The yang to the yin that is ghrelin is the stop appetite hormone, leptin. It is a hormone produced in the fat cells that play a role in regulating body weight, signalling the brain to reduce appetite and burn more calories. Leptin modulates body weight and metabolism and mediates weight loss. It decreases hunger and food consumption and controls energy expenditure over the long run. But some studies have shown that weight loss causes a marked decrease in leptin levels, which may, in turn, lead to weight regain.

Contrary to perception, obesity is linked to unusually high concentrations of leptin.- Research suggests that some obese people have leptin resistance. Their brain does not respond to leptin, leading to overeating.  

Then, although plenty of leptin is produced, the body’s appetite suppression system is unable to function well Changing Ghrelin Levels. 

Researchers have discovered a number of behaviours and factors associated with the increase or decrease of ghrelin levels in the body. One behaviour that increases ghrelin levels is not getting enough sleep. Over the long term, getting less than the recommended seven to nine hours of uninterrupted sleep on a regular basis can lead to increased ghrelin levels—which translates into a larger appetite, more calorie intake, and weight gain. In contrast, getting enough sleep every night reduces ghrelin, and thereby reduces appetite. If you snooze, you don’t lose!

On the nutrition front, eating highly refined carbohydrates, especially in the absence of sufficient protein and fibre, can trigger increased ghrelin levels. Protein and high-quality fibre can reduce ghrelin levels to the point that your brain gets the signal that your body has eaten enough. Many people can go on eating chips or a lot of highly refined white bread without the cue of satiety such foods do not contain enough protein or fibre to turn off the ghrelin signals to the brain.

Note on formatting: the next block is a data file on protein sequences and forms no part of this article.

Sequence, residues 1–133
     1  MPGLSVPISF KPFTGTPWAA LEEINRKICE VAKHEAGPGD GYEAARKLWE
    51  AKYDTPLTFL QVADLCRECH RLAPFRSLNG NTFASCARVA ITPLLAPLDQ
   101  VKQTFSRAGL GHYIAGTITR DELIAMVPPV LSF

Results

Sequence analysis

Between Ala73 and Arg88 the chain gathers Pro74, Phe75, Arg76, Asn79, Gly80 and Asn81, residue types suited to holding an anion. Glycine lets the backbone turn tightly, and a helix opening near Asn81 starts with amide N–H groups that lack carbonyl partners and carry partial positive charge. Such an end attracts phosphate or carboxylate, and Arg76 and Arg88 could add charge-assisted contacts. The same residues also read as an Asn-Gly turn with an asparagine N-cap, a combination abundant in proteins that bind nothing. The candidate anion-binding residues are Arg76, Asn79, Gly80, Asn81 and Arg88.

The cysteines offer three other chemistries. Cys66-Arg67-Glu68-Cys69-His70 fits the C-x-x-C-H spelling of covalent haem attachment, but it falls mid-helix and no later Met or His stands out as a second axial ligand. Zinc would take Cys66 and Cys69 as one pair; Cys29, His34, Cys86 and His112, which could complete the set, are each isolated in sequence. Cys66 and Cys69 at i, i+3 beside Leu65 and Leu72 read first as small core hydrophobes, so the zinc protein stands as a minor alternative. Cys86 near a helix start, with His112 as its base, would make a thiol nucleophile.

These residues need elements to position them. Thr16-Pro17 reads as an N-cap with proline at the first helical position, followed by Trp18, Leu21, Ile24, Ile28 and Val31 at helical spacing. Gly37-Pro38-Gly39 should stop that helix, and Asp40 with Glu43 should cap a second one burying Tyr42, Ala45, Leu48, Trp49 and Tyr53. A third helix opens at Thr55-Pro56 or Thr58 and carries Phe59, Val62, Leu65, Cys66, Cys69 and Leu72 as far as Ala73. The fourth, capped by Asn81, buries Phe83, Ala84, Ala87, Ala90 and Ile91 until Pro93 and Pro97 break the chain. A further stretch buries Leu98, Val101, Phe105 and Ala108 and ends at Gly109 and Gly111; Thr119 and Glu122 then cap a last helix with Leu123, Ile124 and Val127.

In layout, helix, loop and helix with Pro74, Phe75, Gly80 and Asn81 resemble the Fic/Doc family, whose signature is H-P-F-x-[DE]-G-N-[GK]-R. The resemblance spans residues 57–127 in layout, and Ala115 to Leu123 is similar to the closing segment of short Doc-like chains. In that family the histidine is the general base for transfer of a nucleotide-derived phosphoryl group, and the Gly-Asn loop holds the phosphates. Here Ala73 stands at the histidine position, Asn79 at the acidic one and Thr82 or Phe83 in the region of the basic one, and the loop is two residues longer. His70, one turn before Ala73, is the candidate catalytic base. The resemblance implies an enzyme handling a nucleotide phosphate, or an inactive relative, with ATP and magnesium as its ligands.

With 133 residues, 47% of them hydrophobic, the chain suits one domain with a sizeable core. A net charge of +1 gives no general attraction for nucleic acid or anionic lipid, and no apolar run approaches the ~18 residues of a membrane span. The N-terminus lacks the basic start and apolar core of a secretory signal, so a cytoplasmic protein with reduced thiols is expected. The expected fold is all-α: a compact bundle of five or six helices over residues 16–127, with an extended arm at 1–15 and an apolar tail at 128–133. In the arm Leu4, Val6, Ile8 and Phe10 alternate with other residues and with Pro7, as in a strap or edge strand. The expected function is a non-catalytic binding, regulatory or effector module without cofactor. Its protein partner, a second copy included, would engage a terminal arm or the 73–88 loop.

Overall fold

With the intake of refined carbs, your brain does not get the signal that the body has received enough essential nutrients and you tend to continue eating. Usually, with optimal nutrition, ghrelin levels act as a body clock for your meals. They increase prior to mealtime giving you an indication that it’s time to eat and decrease after mealtime. 

However, refined carbohydrates can disrupt the process.

Bottom Line

Ghrelin is a gut hormone regulating hunger and food intake. Lower ghrelin levels keep hunger in check. Satiety suppresses it. . Here are a few things you can do to manage ghrelin levels.

  1. Address the emotions underlying weight extremes: Both obesity and anorexia alter ghrelin levels. Maintaining a consistent weight and avoiding crash diets can help to regulate ghrelin levels.  
  2. Assign importance to sleep: Poor sleep spikes your ghrelin levels and has been linked to increased hunger and weight gain. 
  3. Increase muscle mass: Higher amounts of fat-free mass or muscle are associated with lower levels of the hormone.
  4. Eat more protein: A high-protein diet increases fullness and reduces hunger. One of the mechanisms behind this is the reduction in ghrelin levels.
  5. Don’t shun calories: Periods of higher calorie intake can reduce hunger hormones and increase leptin. A study shows that 2 weeks on ghrelin levels were decreased by 18% with 29–45% more calories.